You're not a security professional. You should have to put that in your sig file. The linux kernel is used in many different situations, and clearly some security problems only pose a risk in some of those situations. IE. a lot of embedded systems will never be vulnerable to this particular issue.

      A bug is a bug. All bugs should be triaged an

      • by Wootery (1087023)

        A bug is a bug. All bugs should be triaged and then treated accordingly. You don't pretend a bug is more important because security is the flavour of the month.

        But a bug which can be exploited to give a security hole necessarily deserves a high priority, no?

        You're not a security professional

        don't pretend a bug is more important because security is the flavour of the month

        A bug which enables a remote attacker to compromise a server is necessarily a serious one, no? I really don't get what your point is with this flavour of the month thing.

      • by metrix007 (200091)

        Actually, I am a security professional, working for one of the largest security companies in the industry.

        It's clear you are not however.

        • by Mathinker (909784)

          > Actually, I am a security professional, working for one of the largest security companies in the industry.

          Hm, let me guess. You work for Microsoft, in the team developing Microsoft Security Essentials?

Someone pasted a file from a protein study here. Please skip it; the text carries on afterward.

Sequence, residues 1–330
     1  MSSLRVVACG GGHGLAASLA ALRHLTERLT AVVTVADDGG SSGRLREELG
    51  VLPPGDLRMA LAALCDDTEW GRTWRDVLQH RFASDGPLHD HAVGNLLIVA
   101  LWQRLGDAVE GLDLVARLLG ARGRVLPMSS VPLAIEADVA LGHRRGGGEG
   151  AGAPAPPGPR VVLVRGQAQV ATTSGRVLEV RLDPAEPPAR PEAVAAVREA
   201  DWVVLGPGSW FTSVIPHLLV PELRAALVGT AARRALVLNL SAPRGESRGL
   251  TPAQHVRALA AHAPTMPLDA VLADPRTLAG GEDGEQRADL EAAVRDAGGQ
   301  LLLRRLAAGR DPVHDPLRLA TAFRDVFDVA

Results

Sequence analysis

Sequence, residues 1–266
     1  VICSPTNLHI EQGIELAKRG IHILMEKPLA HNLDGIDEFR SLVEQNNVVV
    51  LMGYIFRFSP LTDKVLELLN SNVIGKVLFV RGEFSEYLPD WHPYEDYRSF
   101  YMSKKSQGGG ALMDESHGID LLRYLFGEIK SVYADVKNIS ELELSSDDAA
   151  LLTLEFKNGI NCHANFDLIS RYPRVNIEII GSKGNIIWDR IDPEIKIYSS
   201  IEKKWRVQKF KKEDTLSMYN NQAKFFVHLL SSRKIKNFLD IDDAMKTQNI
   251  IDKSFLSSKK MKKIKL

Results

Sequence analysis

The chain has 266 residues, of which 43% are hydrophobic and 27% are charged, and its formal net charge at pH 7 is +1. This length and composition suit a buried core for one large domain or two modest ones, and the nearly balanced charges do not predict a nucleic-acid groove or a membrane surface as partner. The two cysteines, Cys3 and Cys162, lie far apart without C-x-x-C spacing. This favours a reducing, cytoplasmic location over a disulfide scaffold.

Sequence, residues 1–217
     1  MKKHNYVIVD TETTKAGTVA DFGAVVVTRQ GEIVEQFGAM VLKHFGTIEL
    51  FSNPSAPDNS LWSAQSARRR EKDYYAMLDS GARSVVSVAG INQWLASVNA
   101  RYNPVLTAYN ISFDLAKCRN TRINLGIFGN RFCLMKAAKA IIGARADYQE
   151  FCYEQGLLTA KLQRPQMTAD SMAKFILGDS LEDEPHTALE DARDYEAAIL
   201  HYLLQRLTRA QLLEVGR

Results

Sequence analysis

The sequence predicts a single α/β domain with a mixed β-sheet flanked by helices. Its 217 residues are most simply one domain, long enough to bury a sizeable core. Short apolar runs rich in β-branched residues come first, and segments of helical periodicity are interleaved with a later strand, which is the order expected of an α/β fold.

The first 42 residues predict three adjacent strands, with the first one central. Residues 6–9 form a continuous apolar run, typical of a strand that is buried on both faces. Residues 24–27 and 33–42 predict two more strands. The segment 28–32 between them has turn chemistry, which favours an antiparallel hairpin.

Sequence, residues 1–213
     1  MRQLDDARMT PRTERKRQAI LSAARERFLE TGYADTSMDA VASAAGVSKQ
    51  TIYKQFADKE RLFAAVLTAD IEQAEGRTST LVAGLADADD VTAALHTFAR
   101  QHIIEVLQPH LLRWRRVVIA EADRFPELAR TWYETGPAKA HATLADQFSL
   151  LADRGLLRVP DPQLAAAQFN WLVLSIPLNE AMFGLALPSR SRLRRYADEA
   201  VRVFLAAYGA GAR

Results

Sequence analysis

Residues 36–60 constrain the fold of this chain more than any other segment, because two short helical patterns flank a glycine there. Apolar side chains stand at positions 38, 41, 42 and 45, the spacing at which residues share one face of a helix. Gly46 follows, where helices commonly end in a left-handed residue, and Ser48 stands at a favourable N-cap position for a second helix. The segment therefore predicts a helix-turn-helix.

• by Anonymous Coward

    'A bug this serious only comes out once every couple years.'

    ....in the time it took to fix this bug they got two more just as bad?

    One step forward, two steps back.

  • are demotions or dismissal. let alone actual proof. in a four-year administration.
  • by Anonymous Coward

    count the # of remote exploits patches in each version of Windows and how many years between patches where the OS was vulnerable.

  • by stock (129999) * <stock@stokkie.net> on Tuesday May 13, 2014 @09:58PM (#46995637) Homepage
    The problem was well discussed in 2009 here : A tempest in a tty pot https://lwn.net/Articles/34382... [lwn.net] The result was that after a heated debate, Alan Cox was blamed for allowing old code to stay because emacs would loose terminal output and Greg KH was simmoned to stepup as the TTY maintainer. The new TTY/PTY guys became James Simmons, the Frame-buffer guy and C. Scott Ananian, the former jack-of-all-trades for the One Laptop per Child Foundation. Curious enough it were not Linux server systems like RedHat Enterprise who have been vulnerable for almost 5 years, but the popular Linux desktop distro's like Ubuntu.
    • by Anonymous Coward

      Curious enough it were not Linux server systems like RedHat Enterprise who have been vulnerable for almost 5 years, but the popular Linux desktop distro's like Ubuntu.